Wednesday, December 28, 2011
Even though the housing bubble burst nearly five years ago, local governments are only now beginning to feel its repercussions with significantly lower tax revenues. Many municipalities across the country have chosen to bridge this gap by cutting services, specifically in police departments. In 2011, there were fewer cops on patrol than there have been in 25 years. This precipitous drop coincided with a 13 percent increase in the number of officers killed in the line of duty.
Monday, April 04, 2011
— Bob Hennelly, senior reporter for WNYC, on The Brian Lehrer Show.
Monday, December 06, 2010
Wonder why voters seem to be coming down against big transit projects like the ARC? Over at "It's a Free Country," our colleague Bob Hennelly tallies up what local governments have spent on big projects like stadiums and shopping malls.
Much of the state and local debt can be traced to the proliferation of so-called "special district" governments like your local "economic development” or “incinerator authority.”
These entities can be used to build critical transportation and water projects or to finance higher education. But they also can provide the grease for the "private-public" partnerships that builds sports stadiums and shopping malls for the politically connected.
In 1952, there were just 12,340 of them. By the start of the 21st century there were 35,359 of them. Eleven states each now have over one thousand such publicly-funded independent authorities. Not surprisingly, Illinois tops the list with 3,145, followed by California with 2,830 and Texas with 2,245. Pennsylvania has 1,885 and New York has spawned 1,135.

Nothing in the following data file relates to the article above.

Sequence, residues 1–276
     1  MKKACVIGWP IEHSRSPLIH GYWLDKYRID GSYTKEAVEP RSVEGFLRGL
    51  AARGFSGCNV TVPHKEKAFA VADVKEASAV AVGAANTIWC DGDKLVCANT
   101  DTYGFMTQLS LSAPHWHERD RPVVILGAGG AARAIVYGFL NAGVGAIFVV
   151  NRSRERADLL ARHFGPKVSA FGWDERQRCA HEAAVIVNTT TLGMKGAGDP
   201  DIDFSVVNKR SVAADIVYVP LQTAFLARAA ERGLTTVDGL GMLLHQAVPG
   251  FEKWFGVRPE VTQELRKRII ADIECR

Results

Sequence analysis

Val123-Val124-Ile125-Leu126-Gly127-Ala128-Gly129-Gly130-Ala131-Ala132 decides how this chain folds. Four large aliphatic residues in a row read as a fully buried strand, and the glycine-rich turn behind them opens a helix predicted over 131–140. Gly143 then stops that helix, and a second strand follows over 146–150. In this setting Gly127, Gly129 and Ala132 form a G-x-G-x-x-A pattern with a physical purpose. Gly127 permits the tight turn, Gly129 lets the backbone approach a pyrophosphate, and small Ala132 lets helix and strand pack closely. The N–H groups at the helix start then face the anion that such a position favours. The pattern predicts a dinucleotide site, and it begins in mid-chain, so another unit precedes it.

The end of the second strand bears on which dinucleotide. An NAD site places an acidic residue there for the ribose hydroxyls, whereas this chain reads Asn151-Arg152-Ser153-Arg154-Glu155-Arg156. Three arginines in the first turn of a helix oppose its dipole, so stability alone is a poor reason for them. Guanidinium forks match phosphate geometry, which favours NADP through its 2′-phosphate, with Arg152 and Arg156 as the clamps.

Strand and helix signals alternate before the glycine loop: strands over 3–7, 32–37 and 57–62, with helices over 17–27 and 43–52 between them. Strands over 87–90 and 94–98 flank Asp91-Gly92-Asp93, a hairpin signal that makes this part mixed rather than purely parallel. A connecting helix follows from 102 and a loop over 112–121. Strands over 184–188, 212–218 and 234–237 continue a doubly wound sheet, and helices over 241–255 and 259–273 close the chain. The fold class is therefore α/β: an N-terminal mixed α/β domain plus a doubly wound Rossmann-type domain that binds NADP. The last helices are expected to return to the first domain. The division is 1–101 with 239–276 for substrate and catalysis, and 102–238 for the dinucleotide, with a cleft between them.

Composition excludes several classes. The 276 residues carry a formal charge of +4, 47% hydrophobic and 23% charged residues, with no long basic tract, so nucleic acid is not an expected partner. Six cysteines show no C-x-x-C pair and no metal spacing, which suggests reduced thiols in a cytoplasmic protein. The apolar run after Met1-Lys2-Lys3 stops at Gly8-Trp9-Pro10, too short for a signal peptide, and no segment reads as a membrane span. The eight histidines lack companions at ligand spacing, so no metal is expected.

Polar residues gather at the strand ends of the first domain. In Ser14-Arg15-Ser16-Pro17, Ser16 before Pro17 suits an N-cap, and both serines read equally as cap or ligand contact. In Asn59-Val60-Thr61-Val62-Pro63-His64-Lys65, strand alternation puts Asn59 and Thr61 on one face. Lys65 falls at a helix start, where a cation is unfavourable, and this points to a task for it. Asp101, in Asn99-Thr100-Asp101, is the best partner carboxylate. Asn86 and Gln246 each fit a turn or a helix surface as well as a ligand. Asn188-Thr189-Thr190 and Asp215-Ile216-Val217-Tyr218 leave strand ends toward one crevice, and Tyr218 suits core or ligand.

Full story here. -- TN
Monday, September 13, 2010
By Azi Paybarah
Surprising candor from embattled State Senator Pedro Espada, about the home he owns outside the district:
He does not deny he owns a home in Westchester and goes on to share some of his family's internal dynamics. "In 1991, I purchased a home in Mamaroneck," he says. "My wife was lead in that decision-making because she felt my grandchildren -- I have 10 grandchildren -- felt that they needed another educational opportunity, an outlet, and we did that and it has been a source of constructive tension in our relationship, my wanting to continue in public service and my wife wanting certain things for her grandchildren."
[via WNYC's Bob Hennelly]
Thursday, August 19, 2010
(Andrea Bernstein, Transportation Nation) Who runs transportation? In New York, it's the Port Authority, and the Metropolitan Transportation Authority, and the NY Thruway Authority, to name a few. The authorities are quasi-governmental organizations, funded by toll and transit revenue, with not much scrutiny of how they spend their money. In New York, authorities have often been run by political contributors, and have frequently given government contracts or leases to other contributors. My WNYC colleague, Bob Hennelly, has an excellent story on gubernatorial candidate Andrew Cuomo's campaign finances -- and how he takes millions of dollars from obscure business entities -- a legal, but criticized, practice. Listen carefully for the NY Thruway connection.
Comments? Thoughts? Work for an authority and want to tell us your story?
Thursday, January 07, 2010
A bill to legalize gay marriage was defeated in New Jersey's state Senate on Thursday. The vote, 14 for and 20 against, is a blow to gay marriage advocates, who were trying to get the measure passed before Gov.-elect Chris Christie, an opponent of gay marriage, takes office on January ...